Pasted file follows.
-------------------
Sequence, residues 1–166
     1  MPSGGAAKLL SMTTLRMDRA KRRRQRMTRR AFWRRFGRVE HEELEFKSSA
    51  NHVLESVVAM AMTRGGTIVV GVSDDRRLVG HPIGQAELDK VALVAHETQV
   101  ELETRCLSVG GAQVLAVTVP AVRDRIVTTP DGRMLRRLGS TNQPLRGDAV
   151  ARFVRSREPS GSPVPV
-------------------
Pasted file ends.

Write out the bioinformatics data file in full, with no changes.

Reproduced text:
Sequence, residues 1–166
     1  MPSGGAAKLL SMTTLRMDRA KRRRQRMTRR AFWRRFGRVE HEELEFKSSA
    51  NHVLESVVAM AMTRGGTIVV GVSDDRRLVG HPIGQAELDK VALVAHETQV
   101  ELETRCLSVG GAQVLAVTVP AVRDRIVTTP DGRMLRRLGS TNQPLRGDAV
   151  ARFVRSREPS GSPVPV